After an eight-page analysis of CC operations, the Grand Jury reported it “found little justification for the often acrimonious Santa Clara Convention Center debates of recent years.
“In general, the City’s original decision to have the CC and the CVB [Convention and Visitors Bureau] managed by a non-profit organization appears to have been sound,”the report continues. “Whether the Chamber of Commerce should be the organization of choice was not included in the Grand Jury review. Warranting attention are several issues related to CC bookings policy, to contracting procedures at the CC, and to control and monitoring of Chamber of Commerce policies.”
The Grand Jury’s recommendations, laid out in three paragraphs.
First, the City Council needed to articulate a policy about its revenue goals. If the goal is maximizing direct revenue from the CC, trade shows should be favored. On the other hand, if increasing sales and hotel tax revenue was the goal, conventions and meetings would be more favorable to that goal. Overall, the Grand Jury found “the positive CC performance may be taken as an indirect indication of satisfactory performance of the CVB’s convention-oriented activities.”
Second, the Grand Jury “felt” that the food service contract should be sent out for competitive bids instead of extending an existing contract, even though the contractor at the time had a good working relationship with the City and had performed satisfactorily.
Finally, the Grand Jury found that the Chamber had a bank account for office rent payments from the City that wasn’t on the books, which “obscured its visibility.” The recommendation was that the City “tighten its monitoring procedures.” Otherwise, the Grand Jury agreed “with the generally favorable conclusions of several financial audits.”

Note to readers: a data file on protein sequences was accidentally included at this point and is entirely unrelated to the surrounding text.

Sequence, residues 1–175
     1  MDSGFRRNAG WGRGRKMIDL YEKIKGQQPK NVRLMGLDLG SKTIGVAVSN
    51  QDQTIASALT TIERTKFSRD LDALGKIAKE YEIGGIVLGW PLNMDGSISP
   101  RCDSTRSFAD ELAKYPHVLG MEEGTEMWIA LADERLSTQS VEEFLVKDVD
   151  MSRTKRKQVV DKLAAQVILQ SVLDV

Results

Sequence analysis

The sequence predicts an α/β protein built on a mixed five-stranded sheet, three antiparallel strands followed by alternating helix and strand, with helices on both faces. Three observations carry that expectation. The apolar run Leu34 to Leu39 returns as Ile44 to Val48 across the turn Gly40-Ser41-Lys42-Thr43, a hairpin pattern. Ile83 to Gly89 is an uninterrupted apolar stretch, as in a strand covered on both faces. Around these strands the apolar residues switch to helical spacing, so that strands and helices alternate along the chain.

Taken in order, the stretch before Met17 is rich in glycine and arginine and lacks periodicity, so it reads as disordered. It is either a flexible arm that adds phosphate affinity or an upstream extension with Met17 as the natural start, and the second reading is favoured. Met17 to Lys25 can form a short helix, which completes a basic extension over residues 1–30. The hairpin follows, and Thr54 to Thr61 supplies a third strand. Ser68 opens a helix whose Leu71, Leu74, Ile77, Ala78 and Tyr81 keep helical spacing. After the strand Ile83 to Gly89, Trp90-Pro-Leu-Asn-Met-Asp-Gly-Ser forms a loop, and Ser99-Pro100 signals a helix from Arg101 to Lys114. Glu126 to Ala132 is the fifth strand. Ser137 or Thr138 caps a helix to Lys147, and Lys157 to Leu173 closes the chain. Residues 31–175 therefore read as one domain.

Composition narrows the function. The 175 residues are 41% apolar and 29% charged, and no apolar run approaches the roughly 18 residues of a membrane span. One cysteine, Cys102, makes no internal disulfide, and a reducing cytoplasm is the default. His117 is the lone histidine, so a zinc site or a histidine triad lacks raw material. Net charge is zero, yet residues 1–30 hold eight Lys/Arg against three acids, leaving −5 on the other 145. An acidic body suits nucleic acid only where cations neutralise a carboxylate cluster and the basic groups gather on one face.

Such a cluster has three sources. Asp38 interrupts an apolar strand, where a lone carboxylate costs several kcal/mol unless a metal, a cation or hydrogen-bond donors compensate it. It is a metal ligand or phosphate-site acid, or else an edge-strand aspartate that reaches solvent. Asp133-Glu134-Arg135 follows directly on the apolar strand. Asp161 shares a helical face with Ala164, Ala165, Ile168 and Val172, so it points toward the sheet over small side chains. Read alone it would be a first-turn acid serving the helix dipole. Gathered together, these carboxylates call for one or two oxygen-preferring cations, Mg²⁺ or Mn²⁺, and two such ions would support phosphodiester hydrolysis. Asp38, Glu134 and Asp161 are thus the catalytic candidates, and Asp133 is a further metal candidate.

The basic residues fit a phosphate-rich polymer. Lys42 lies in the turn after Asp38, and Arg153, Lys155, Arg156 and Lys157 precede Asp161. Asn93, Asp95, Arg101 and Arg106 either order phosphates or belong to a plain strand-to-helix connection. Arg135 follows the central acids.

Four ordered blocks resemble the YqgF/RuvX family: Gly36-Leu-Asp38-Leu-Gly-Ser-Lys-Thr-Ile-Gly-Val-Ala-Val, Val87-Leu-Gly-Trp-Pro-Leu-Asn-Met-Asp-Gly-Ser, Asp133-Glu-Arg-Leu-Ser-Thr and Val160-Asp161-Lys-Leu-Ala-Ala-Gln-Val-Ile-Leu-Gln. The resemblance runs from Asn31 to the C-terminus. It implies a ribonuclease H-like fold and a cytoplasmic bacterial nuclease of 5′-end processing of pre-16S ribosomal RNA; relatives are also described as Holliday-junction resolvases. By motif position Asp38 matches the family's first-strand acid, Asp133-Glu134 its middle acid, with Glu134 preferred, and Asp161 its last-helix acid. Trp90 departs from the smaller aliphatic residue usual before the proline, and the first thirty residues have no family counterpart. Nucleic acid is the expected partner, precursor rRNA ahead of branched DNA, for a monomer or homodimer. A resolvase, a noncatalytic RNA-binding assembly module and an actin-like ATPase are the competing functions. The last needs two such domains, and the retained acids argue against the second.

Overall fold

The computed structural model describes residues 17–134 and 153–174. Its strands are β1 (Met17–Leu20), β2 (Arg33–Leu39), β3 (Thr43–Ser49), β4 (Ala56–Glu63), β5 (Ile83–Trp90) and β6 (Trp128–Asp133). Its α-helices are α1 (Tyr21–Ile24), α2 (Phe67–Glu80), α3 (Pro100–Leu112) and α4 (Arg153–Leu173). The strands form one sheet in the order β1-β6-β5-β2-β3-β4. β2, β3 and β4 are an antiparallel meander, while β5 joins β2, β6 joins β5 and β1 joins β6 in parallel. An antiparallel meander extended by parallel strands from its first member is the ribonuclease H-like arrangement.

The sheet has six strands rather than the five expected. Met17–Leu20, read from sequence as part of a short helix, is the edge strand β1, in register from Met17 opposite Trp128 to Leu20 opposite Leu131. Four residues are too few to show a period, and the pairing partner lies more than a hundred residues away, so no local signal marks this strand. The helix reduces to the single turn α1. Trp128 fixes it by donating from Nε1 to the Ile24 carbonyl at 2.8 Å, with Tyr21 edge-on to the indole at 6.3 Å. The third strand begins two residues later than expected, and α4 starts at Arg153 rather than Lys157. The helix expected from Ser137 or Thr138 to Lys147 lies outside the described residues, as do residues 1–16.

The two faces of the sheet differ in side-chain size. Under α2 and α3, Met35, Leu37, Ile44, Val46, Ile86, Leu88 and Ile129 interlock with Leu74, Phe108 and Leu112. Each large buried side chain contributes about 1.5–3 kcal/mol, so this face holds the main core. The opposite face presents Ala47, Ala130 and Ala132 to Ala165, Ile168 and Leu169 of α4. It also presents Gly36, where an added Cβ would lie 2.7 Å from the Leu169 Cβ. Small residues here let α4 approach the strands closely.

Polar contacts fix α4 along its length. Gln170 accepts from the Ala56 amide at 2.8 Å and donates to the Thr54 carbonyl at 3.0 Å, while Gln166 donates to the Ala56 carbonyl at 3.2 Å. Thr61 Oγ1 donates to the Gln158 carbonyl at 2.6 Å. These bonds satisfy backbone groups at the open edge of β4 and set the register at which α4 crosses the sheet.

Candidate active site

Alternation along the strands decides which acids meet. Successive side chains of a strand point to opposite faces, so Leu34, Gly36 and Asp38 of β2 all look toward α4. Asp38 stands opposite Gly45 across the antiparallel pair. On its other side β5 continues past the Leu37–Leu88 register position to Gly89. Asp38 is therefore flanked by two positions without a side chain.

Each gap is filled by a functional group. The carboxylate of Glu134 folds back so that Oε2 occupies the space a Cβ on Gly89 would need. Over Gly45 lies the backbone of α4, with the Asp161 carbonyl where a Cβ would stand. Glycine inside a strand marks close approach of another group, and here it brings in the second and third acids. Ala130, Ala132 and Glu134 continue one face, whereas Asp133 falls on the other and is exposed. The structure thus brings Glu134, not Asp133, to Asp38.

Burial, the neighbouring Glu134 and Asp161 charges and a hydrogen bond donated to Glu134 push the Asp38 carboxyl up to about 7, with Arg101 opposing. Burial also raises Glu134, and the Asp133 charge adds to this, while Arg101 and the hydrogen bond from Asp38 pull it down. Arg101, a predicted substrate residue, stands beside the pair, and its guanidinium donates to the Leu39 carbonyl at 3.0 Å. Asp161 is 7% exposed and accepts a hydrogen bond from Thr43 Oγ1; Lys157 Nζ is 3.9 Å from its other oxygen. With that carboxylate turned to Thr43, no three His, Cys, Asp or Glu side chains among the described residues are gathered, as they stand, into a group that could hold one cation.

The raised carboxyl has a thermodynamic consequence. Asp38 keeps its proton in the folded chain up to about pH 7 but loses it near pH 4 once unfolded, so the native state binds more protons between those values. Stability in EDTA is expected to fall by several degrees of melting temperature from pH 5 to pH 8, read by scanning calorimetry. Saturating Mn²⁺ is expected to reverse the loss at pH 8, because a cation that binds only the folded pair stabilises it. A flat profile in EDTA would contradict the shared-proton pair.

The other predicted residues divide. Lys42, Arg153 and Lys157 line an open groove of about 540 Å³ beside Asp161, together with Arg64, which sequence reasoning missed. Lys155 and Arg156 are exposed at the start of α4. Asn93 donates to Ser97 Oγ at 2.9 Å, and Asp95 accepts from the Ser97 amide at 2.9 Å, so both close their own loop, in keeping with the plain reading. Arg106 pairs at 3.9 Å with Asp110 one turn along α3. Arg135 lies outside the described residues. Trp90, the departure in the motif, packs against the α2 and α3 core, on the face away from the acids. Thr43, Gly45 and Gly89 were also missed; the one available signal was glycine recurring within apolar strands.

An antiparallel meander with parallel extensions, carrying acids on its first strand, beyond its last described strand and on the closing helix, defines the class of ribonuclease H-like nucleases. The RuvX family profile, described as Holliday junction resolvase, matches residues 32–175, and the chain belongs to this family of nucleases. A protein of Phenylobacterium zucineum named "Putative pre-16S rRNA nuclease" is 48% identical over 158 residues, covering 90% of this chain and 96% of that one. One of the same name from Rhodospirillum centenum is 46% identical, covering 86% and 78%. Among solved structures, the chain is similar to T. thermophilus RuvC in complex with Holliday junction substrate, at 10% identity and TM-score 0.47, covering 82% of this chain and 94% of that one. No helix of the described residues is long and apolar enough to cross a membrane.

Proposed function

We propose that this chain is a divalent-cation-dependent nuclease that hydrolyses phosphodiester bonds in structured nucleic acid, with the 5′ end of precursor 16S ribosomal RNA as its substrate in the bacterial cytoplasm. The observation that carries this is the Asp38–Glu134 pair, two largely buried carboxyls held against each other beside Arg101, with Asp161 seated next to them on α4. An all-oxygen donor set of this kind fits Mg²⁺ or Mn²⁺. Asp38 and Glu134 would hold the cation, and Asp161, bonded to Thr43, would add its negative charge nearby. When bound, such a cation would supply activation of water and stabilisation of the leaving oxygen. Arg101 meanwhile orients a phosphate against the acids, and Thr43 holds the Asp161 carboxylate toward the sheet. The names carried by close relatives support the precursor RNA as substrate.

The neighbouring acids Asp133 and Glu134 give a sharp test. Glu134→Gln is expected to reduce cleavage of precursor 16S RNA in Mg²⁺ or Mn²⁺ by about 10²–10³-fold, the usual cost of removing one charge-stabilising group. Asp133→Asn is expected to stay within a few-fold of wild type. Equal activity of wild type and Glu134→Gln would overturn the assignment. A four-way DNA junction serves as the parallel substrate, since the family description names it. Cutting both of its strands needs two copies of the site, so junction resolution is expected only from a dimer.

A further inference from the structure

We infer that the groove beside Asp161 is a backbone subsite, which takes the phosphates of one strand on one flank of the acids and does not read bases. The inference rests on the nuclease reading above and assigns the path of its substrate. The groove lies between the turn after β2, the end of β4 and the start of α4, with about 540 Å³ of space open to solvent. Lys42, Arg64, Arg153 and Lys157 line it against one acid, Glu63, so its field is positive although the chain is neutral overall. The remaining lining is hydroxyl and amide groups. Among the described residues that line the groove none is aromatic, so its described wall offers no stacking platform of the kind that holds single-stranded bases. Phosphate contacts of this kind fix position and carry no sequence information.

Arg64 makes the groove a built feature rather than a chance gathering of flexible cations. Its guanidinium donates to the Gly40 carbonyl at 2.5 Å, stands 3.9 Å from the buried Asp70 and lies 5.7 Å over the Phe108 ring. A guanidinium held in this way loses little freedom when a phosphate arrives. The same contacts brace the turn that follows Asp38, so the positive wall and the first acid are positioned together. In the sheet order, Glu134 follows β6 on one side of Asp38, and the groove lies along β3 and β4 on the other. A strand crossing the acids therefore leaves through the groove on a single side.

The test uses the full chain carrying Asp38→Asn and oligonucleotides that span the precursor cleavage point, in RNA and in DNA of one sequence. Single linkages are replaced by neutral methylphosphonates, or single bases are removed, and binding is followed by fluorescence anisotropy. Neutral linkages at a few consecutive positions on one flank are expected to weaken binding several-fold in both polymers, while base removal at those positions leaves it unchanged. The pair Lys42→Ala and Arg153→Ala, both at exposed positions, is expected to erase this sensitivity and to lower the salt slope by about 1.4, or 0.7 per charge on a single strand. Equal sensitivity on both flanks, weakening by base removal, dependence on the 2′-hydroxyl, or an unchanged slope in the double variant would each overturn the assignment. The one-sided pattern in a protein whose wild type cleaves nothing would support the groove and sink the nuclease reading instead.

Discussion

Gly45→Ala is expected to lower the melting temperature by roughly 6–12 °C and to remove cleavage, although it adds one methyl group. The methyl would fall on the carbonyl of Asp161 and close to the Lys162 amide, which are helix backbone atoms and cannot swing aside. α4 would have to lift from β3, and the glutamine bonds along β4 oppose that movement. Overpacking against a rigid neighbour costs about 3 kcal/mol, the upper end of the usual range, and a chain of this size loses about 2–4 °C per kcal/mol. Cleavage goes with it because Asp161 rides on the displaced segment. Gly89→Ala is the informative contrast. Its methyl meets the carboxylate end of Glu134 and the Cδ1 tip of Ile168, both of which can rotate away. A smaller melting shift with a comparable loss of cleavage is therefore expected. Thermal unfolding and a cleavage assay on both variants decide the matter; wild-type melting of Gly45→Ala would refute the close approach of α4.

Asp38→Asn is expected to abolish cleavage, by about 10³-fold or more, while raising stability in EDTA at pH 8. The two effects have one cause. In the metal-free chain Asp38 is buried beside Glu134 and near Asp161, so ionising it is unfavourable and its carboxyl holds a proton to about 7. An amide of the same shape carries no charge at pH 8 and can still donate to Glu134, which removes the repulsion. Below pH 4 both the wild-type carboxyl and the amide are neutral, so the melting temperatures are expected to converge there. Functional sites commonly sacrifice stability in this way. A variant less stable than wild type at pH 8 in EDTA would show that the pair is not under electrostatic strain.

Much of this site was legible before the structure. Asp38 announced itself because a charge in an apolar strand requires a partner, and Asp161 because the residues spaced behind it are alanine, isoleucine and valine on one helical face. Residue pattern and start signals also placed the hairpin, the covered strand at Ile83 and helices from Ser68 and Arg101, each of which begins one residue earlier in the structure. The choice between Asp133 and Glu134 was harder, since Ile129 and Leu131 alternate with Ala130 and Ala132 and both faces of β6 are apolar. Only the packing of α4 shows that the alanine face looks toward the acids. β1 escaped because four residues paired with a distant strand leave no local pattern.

In a response to the Grand Jury report then-City Manager Jennifer Sparacino wrote that, “Staff reported to the City Council in January 1994 that no material weaknesses were found in existing internal control processes of the Center and the [Convention and Visitors] Bureau. A number of modifications and refinements to existing accounting practices were recommended” and “nearly all had been implemented.”
One of Souza’s political opponents, former Council Member Dave Tobkin, accused Souza and Gillmor of intentionally injuring the Chamber’s reputation because its board voted against an exclusive industrial contract with Mission Trail Waste Systems.
The trash collector backed both Souza and Gillmor—deploying company employees in their campaigns—before its partners pled guilty to skimming $540,000 from the tollbooth at the City dump, tax evasion and conspiracy.
Mission Trail’s corrupt practices didn’t appear to concern Gillmor, when later that year she said “I look at it as an internal accounting problem between the partnership and the Internal Revenue Service,” a Mercury News October 1994 story reported her saying. ”According to our staff report, they’ve performed,” she said. “As to whether I believe these people are ethical or unethical—I don’t feel qualified to answer that.”
The next month Gillmor lost her bid for Mayor to Judy Nadler, who said that her experience was “that the public doesn’t want to be paying money to people who aren’t ethical.”